Check in for Part 2 to see the finished living areas and we will determine if I can get my money back in five years.

 

Should I Paint My Kitchen Cabinets To Help Sell My Home?

Such a good question and one that I get at least once a week during a Home Staging Consultation. It really is something to take a hard look at. Questions to consider:

  1. How old are the cabinets?
  2. What is the price of my home?
  3. What is the current market?
  4. Is there a lot of competition in my area?
  5. What will be the cost to paint the cabinets?

I did a consultation for a starter level home in a suburb of Minneapolis. The cabinets were original and in pretty good shape but in a medium oak stain which is not what the buyers are looking for. Since this home was a starter level home we know that the buyer may not be coming in and gutting a complete kitchen right away.  They want a kitchen they can live with for a while until improvements can be made down the road.

 

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It is a hot market right  now and homes in that price range are going fast but you also want to get top dollar.

I had the homeowner get a bid to have the cabinets painted which came in very reasonable. I recommended the painting be done.

 

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Isn’t the difference amazing!! Because the cabinets were being painted they could also take down the decorative bar across the top of the sink that is very dated and add an updated pendant light. The home got a couple other small updates, was staged and the outcome??? The homeowner received an offer the first day with multiply offers coming in and selling for over the list price! Painting the cabinets paid off with a quick sale, did not leave any money on the table and in fact put a little extra in the homeowner’s pocket.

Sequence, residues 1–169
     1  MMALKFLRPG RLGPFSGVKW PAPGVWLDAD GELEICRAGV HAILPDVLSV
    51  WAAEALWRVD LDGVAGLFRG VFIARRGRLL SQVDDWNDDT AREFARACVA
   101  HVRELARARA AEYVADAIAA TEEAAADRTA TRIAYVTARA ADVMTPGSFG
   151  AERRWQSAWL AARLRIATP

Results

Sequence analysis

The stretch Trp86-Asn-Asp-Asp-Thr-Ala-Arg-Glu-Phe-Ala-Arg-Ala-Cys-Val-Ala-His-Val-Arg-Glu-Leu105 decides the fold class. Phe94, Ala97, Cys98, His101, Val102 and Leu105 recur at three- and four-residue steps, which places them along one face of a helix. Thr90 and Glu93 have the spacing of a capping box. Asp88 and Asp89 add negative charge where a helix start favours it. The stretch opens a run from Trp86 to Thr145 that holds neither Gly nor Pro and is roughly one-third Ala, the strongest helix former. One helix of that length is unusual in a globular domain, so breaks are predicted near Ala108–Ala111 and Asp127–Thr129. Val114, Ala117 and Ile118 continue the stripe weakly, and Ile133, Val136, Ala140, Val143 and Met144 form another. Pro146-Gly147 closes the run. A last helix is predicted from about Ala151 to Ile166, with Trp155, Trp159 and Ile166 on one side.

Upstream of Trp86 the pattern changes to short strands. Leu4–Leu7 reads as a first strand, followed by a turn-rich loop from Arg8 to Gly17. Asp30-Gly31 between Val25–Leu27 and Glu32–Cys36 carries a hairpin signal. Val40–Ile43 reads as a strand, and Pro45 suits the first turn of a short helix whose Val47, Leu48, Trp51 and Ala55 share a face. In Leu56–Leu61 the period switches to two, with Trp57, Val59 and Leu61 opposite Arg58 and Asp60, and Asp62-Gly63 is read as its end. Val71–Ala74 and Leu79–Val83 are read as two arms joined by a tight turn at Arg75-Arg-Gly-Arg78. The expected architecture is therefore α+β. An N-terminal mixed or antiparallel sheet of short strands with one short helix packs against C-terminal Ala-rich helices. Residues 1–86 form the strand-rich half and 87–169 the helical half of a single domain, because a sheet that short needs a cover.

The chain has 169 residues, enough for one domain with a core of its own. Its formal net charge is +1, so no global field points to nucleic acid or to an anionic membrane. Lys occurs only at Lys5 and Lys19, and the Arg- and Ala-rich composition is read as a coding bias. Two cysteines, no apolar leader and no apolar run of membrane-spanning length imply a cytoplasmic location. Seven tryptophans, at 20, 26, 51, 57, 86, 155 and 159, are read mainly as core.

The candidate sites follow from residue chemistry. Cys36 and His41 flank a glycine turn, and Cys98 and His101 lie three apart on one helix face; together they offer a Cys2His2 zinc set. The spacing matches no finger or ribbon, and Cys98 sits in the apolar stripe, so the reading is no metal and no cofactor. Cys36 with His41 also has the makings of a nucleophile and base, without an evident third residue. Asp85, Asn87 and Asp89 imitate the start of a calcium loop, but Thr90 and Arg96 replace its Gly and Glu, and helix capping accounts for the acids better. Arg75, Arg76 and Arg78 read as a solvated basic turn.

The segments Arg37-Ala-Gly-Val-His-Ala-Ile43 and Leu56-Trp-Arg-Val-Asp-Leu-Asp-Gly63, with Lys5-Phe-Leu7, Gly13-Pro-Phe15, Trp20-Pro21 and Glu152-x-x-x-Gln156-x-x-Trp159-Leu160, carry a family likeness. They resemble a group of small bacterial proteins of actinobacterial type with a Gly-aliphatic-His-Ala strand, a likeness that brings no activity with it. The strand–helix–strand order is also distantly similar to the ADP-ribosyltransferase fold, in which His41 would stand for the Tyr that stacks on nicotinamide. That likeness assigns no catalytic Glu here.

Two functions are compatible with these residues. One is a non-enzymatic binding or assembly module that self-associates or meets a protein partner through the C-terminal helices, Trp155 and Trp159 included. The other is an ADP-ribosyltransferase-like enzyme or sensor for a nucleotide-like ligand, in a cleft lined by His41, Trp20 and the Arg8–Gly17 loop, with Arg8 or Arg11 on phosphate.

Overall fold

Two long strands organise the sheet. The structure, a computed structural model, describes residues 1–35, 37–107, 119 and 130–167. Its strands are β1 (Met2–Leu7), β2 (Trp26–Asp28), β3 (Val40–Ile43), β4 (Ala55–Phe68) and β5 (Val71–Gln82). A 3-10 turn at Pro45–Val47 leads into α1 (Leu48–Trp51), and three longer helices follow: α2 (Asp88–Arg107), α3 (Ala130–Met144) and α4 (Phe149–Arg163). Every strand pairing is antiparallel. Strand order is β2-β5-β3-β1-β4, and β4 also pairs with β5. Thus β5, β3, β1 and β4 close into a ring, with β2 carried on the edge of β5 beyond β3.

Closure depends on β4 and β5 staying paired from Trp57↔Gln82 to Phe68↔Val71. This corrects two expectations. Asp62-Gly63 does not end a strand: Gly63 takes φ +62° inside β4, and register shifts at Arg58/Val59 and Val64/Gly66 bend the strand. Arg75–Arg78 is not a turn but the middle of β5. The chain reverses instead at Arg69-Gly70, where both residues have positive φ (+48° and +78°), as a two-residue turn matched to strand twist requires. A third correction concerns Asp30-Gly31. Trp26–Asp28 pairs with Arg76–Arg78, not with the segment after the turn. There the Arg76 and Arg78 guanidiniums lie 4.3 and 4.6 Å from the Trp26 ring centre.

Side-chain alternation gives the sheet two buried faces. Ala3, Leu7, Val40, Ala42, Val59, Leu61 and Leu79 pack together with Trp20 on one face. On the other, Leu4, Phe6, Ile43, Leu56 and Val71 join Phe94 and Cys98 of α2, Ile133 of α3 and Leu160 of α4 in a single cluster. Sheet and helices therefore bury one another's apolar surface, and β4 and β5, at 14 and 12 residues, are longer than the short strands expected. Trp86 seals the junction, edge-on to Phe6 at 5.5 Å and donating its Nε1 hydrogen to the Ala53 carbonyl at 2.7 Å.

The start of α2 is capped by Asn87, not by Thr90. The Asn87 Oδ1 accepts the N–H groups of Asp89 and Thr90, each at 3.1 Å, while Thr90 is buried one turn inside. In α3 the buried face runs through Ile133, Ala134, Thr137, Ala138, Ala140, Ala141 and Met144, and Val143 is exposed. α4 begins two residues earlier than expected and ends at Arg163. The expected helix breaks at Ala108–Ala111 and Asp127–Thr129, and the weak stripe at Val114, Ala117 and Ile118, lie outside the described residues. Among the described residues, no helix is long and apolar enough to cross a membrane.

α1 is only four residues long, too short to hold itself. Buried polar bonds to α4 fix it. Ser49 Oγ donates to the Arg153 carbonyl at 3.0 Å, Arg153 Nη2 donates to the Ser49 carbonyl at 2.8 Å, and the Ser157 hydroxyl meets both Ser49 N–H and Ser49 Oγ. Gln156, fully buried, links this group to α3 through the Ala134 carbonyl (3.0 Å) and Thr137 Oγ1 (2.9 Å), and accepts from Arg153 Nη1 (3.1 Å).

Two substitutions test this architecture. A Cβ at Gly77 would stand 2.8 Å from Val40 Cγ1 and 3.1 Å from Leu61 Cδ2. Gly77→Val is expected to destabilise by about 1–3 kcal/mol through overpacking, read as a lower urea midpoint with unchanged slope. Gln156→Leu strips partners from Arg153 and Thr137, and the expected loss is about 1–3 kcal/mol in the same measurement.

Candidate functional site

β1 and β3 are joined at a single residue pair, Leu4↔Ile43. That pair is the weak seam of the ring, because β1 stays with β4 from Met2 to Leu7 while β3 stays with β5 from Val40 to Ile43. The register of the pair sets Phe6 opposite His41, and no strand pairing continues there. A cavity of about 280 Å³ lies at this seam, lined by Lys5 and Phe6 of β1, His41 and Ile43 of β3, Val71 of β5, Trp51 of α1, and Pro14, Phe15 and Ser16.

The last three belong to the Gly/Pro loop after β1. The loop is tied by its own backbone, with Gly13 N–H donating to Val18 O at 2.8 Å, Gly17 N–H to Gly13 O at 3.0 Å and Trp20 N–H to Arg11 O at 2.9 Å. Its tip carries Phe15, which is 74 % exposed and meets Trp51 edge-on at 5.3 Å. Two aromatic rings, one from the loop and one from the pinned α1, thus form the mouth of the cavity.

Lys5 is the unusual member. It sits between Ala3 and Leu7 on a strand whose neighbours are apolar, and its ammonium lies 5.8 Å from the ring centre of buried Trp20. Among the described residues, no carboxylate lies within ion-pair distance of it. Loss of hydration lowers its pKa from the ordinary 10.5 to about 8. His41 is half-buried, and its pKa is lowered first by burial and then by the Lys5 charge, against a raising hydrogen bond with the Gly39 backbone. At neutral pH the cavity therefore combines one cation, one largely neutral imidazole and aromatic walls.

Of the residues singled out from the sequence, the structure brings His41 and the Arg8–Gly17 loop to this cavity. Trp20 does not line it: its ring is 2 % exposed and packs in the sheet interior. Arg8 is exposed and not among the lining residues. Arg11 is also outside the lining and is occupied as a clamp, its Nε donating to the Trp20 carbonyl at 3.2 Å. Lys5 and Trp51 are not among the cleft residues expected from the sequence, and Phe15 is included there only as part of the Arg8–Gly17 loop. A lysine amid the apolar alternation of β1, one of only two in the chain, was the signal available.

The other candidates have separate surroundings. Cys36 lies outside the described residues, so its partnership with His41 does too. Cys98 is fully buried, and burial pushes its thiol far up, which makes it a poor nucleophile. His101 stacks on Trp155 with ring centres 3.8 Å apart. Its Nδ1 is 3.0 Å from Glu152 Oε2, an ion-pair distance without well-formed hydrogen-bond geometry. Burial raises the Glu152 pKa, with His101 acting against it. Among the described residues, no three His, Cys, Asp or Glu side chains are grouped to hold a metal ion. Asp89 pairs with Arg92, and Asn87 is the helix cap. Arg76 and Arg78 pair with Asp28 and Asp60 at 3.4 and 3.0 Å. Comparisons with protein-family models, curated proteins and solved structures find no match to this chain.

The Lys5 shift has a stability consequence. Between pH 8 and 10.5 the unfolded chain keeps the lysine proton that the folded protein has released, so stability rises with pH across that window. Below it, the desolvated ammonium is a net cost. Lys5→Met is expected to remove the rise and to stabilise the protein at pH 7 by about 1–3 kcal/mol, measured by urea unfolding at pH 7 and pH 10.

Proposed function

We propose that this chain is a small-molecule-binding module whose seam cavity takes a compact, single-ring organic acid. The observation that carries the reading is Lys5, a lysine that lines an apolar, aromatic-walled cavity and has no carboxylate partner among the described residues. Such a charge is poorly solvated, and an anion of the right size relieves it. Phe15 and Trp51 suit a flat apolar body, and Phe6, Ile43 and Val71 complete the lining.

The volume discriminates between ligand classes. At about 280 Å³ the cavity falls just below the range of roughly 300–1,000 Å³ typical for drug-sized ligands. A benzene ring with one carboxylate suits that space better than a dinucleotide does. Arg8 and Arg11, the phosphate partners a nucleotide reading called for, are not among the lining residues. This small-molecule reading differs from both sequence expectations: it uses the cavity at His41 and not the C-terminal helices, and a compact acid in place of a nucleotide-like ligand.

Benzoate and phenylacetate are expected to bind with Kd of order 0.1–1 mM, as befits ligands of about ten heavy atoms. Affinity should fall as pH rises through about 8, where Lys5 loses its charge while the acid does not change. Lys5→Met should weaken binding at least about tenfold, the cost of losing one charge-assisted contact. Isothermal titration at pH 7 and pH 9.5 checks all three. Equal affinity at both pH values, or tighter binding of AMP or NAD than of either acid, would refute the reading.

If you are selling your home be sure to get professional advice from a Certified Home Stager.

 

 

Wood, Wood and More Wood. But Should They Match?

In the 80’s and 90’s the trend was for all woods to match. Your floors matched your trim, which matched your doors which matched your kitchen cabinets and even went as far as having all the wood pieces in your furniture being the same color.